himself, has also found strength and encouragement from Father Ciszek’s story.
The same palpable faithprojected with passion and intelligence, personalized
with his native Gemütlichkeit and good cheeris evident in
Father Auer’s own homilies. Some of them have been recorded and uploaded to
YouTube. I encourage you to look them up in this New Year. They’re timeless.
Matthew A. Rarey writes from Chicago.
V. Schall, SJ:
The book that I enjoyed most this
year was Anne Burleigh’s privately published biography of her father: Ralph Husted: The Time of His Life: A
Daughter’s Recollections. It
is simply an account what it is to be a good man.
Though I am only part way through
Edward Feser’s Scholastic
Metaphysics, that and Peter Redpath’s A Not-So-Common Metaphysics, prove again the abiding centrality
of metaphysics and the cultural loss when it is forgotten or corrupted.
Along with these two books, Mario d’Souza’s
collection Being in the World: A Quotable
Maritain Reader serves to compensate for the loss of
Benedict XVI’s frequent philosophical and theological insights.
I found the new paperback edition
of John Mueller’s Redeeming
Economics to complete in an orderly way what is lacking in
economic theory, something Jennifer Roback Morse’s Love and Economics began
J. Budziszewski’s Commentary on Thomas Aquinas’ Treatise on
Law, Daniel Mahoney’s The
Other Solzhenitsyn, Ernest Martinez’s The Gospel Accounts of the Death of Jesus,
and Michael Warner’s The
Rise and Fall of Intelligence: An International Security History fill
out a very rich year of what is not light but still fascinating reading.
Finally, in a used book store in
Mountain View, the home of Google, I found Enter
Jeeves: 15 Early Stories by P. G. Wodehouse. A story entitled “Absent
Treatment” ends this wayI shall end these comments by citing it: “There
occurred to me the simple epitaph which, when I am no more, I intend to have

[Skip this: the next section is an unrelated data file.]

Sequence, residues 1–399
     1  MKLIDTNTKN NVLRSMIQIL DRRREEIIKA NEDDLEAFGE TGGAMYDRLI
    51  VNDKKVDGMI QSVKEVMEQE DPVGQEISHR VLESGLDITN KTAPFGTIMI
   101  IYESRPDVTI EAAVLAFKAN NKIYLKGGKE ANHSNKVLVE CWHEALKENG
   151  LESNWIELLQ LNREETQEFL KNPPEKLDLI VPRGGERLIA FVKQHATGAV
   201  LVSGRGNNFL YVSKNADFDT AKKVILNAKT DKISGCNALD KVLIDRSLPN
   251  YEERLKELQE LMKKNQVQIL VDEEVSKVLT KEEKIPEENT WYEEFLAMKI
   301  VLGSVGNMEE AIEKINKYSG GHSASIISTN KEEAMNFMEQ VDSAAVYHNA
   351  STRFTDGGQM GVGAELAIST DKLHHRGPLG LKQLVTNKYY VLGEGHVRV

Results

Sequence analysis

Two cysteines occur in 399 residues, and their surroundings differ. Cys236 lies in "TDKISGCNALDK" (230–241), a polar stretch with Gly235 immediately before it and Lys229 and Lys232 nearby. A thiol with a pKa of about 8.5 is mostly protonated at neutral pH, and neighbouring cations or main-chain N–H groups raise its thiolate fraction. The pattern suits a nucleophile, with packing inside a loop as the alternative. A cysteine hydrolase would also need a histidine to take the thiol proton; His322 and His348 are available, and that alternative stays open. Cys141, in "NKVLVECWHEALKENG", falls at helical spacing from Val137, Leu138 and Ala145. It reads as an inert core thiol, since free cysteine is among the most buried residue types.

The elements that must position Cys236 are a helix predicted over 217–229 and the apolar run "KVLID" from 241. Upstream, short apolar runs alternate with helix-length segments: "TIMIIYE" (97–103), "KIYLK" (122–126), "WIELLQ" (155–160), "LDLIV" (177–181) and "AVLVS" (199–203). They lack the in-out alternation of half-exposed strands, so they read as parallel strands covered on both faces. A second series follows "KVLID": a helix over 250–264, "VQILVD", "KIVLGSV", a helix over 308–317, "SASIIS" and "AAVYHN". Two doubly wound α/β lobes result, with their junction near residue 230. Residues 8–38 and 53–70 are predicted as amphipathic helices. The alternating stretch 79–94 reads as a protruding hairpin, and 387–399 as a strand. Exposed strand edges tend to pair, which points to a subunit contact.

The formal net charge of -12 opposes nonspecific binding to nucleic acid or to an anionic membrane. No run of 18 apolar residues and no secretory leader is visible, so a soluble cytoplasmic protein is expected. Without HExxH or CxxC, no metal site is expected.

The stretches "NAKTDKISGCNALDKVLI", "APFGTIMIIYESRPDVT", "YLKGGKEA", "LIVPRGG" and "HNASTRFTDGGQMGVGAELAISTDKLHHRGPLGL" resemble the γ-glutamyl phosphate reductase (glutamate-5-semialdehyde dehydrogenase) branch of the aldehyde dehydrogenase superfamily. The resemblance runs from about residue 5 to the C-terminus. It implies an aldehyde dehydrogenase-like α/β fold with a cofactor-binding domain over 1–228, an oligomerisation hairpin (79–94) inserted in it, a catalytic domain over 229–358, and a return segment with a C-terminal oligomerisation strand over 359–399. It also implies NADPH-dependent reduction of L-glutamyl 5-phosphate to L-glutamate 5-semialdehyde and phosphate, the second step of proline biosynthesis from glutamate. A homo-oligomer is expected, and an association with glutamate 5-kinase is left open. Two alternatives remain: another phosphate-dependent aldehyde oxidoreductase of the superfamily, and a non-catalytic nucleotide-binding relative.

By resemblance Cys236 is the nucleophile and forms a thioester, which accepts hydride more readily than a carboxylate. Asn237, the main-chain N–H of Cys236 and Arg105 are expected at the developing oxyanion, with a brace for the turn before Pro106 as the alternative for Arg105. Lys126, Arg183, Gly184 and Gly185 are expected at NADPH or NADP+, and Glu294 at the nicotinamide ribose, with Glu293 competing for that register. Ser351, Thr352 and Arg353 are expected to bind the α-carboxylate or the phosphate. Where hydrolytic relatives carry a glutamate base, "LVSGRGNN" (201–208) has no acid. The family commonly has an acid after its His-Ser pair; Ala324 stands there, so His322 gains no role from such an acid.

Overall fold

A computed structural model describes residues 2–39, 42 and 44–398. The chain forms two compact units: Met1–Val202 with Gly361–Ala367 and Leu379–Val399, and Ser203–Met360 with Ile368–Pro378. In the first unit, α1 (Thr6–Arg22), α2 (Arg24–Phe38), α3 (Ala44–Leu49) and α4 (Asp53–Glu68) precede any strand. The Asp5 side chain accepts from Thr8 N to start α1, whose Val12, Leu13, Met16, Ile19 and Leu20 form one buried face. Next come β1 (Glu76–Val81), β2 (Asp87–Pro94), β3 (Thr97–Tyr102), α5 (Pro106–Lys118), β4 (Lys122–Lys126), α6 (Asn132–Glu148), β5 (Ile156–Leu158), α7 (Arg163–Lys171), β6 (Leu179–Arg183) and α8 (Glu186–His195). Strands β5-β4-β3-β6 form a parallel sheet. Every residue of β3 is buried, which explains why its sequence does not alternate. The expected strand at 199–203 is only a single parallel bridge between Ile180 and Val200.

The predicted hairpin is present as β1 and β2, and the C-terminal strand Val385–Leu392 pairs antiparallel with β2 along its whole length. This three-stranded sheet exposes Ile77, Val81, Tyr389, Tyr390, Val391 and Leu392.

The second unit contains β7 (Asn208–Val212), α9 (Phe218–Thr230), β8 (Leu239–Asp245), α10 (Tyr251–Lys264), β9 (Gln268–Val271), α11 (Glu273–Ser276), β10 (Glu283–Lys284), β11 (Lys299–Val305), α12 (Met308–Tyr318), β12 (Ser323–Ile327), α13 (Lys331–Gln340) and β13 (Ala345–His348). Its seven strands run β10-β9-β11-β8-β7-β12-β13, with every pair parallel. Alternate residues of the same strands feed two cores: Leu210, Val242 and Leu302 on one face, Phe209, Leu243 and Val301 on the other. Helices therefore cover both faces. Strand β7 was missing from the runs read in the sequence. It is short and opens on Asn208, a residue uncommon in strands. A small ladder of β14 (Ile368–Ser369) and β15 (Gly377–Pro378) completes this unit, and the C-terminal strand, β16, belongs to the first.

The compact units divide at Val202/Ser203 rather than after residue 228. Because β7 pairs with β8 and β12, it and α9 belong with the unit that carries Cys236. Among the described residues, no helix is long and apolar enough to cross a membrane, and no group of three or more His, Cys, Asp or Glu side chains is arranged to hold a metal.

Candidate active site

inscribed on my tombstone. It was this: ‘He was a man who acted from the best
intentions. There is one born every minute.’” This is mindful of what E.F.
Schumacher wrote in that memorable book, A
Guide for the Perplexed, that we “judge ourselves by our intentions but
others by their actions.”
V. Schall, SJ taught political philosophy at Georgetown University for many
years until recently retiring. He is the author of numerous books and countless
essays on philosophy, theology, education, morality, and other topics.
The two best books I read in 2014
were Felix Holt, the Radical by George Eliot and The Stories of J.F. Powers. A word about each.
Felix Holt is not one of George Eliot’s great novelsno Middlemarch, certainlybut
Eliot was a writer of genius, and Felix
Holt is her work and therefore well worth reading. The central character is
an idealistic young man, an autodidact, who believes that education rather than
revolution is the key to uplifting the lower classes.
published in 1866 and, typical of Victorian novels, features several loosely
linked subplots, often more or less incredible, involving contested
inheritances and dark secrets. There is also considerable discussion of issues
vexing a British society then in transition. But it isn’t the story or the
sociology that counts here, so much as the brilliantly depicted characters and
the acute psychological analysis. That Mary Ann Evans, she surely could write!
J.F. Powers’ reputation is
probably larger than his readership, but his fiction provides what is likely to
remain the definitive picture of American Catholicism in the two decades before